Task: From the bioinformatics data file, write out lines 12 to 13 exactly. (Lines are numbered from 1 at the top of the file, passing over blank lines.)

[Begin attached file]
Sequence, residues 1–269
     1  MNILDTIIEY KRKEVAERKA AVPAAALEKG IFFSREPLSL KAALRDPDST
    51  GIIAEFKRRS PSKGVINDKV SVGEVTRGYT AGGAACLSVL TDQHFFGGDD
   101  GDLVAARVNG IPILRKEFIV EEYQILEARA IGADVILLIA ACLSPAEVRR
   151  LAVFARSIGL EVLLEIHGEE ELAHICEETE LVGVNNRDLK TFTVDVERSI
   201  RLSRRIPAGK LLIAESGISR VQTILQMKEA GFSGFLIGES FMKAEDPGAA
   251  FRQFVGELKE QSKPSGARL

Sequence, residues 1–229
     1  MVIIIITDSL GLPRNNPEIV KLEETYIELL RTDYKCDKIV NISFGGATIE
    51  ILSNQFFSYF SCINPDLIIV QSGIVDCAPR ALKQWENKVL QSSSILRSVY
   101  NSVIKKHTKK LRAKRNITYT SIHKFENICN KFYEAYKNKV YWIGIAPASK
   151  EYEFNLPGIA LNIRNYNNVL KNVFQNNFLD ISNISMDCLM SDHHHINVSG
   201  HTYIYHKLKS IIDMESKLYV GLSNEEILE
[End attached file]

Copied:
   151  EYEFNLPGIA LNIRNYNNVL KNVFQNNFLD ISNISMDCLM SDHHHINVSG
   201  HTYIYHKLKS IIDMESKLYV GLSNEEILE